Then with price in hand, it is time to go fix up your car.  At a minimum wash the car and give it a thorough cleaning.    I tend to go further and take care of any glaringly obvious issues.    Just like selling a house, first impressions matter.  After cleaning the car if you are listing privately you will want to take some pictures for your listing.  Take pictures from all angles and inside the car.   Remember though for your safety to block out the license plate number.

Writing the Listing Description

 Then write an appropriate description of the car.  Include in this description the make, model, color, year, mileage, any modifications,  options, plus something eye-catching or attention-grabbing.  Say you are selling an economy car, well highlight it’s gas mileage in your listing.  Minivan?  Perhaps its utility for carrying large numbers of people.  Sell the car as most people that might end up buying your vehicle are probably not looking for your exact vehicle.  They are looking for something in a range of vehicles in a price range.  So you are looking to attract their attention.  Titles also matter a lot in this regard, if your listing source provides one.  So be creative. Finally, don’t include personally identifying information in your ad.  Try to use a throwaway email address, the listing agent’s communication system, or something else for your own protection.

Free Listing Locations for a Private Vehicle Sale

Now if you are selling privately there are a number of great free places to list.  I would never pay to list given the number of options.  I personally have listed cars via eBay Motors,, Craigs List,, a car forum dedicated to the make/model, and even Facebook market place. 

In fact, our quickest car sale ever was snatched up by a gentleman on Facebook marketplace about 9 minutes after posting.    In general, I would recommend you place the listing on all these sources to get the most eyes.    It costs nothing to post your car for sale on any of the above forums.  eBay and Cargurus do have some fees if you sell your car there, though in some cases these might be worth the fee.  IE. both have mechanisms in place to ensure you do not get scammed out of your car, which is what you are really paying for with those two.  From my experience, the lowest paying of these options is the make and model of the forum and Ebay.  The most likely culprit seems to be supply and demand for the former and auction style for the later being sub-optimal for most car sales.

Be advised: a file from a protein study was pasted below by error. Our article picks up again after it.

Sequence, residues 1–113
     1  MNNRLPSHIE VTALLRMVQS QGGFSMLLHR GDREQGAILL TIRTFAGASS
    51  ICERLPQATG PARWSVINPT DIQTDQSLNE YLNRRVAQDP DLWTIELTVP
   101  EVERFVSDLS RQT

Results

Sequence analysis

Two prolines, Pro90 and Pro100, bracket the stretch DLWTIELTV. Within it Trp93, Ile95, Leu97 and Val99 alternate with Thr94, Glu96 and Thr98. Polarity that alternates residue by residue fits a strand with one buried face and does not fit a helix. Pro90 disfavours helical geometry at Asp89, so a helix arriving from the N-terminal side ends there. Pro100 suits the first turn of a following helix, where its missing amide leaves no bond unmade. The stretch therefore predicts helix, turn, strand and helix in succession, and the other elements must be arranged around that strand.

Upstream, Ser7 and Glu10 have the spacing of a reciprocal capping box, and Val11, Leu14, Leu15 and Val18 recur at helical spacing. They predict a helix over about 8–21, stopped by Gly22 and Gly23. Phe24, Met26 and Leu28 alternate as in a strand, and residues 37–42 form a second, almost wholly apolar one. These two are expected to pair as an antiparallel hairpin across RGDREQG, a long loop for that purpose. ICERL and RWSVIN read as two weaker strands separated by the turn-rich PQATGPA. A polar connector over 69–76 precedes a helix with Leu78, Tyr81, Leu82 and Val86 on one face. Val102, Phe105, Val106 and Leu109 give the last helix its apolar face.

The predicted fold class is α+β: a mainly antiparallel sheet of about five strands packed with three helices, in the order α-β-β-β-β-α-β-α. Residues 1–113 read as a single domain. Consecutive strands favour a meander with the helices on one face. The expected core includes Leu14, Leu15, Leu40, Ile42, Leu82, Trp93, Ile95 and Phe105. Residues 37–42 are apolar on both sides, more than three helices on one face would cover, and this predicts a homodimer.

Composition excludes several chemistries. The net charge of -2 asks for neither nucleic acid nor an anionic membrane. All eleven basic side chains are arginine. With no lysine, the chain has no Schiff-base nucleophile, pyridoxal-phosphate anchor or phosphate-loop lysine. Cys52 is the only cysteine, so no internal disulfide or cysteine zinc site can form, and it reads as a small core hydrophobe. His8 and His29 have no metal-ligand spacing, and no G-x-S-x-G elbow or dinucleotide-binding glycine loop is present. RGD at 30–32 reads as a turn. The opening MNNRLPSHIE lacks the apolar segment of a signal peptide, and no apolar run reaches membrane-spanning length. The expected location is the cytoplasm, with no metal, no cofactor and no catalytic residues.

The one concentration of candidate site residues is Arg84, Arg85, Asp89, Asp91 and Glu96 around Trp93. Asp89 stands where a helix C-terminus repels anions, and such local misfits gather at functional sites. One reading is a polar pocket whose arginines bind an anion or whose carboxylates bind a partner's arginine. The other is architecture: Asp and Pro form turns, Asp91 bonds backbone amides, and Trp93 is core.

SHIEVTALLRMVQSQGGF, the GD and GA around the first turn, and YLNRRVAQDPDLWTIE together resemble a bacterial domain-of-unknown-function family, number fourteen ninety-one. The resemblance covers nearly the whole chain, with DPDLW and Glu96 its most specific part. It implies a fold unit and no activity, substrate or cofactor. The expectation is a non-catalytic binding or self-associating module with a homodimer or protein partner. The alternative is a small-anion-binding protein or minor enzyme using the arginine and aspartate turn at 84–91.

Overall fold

Spam and Scam Avoidance

From here on you will get every spammer and scammer alive if you sell privately and you do not luck out like my 9-minute example.    In general, if they cannot compose an email in English, you can’t verify their identity in some way, or they respond in ways that indicate they have not even read your listing then don’t waste your time.    That weeds out most of the lazy scammers.    For the rest, you need to watch yourself through the rest of the process.    A good sign is if someone asks you for your VIN or asks to ensure it is not a salvaged titled car.  Those are good signs they are serious. Don’t hesitate to provide your VIN since any Joe walking by your car can read it off your glass.  

The Vehicle Test Drive

Anyway, the next step is typically a meetup for a test drive.  Some general thoughts:

  • Always do the test drive at a well-trafficked public place, not your house.  Safety first
  • Always keep the title and the spare key on you.  There have been cases of people taking someone’s car and running.  In fact years ago someone did that with a multiple 100K Ferrari at a dealer not far from where I live.  If they can do that to them they can to you, so keep your eyes and ears open for suspicious activity.
  • Answer any questions, but like when dealing with an auditor only volunteer what is asked.   You shouldn’t be hiding major car issues if you have morals, but you don’t have to point out every chip in the car paint either.  The buyer has eyes after all.
  • Remember every initial offer is still negotiable.  Also, you as the seller do not need to take the first offer on the table.  I’ve typically found my target price still pops up, but sometimes its 2 weeks in after the low ballers have died down.

Collecting the Money from a Vehicle Sale: The Hard Part

Finally, when the person is ready to make a purchase is the moment of truth.  How to collect money without getting scammed depends on the method of payment? With sources like eBay motors or Cargurus they have systems for getting your money.  I would recommend using these systems, as while they come with a nominal charge they also typically give you recourse/provide some validity that the funds are real.  If you sold the car on a different channel then it depends on the form of payment.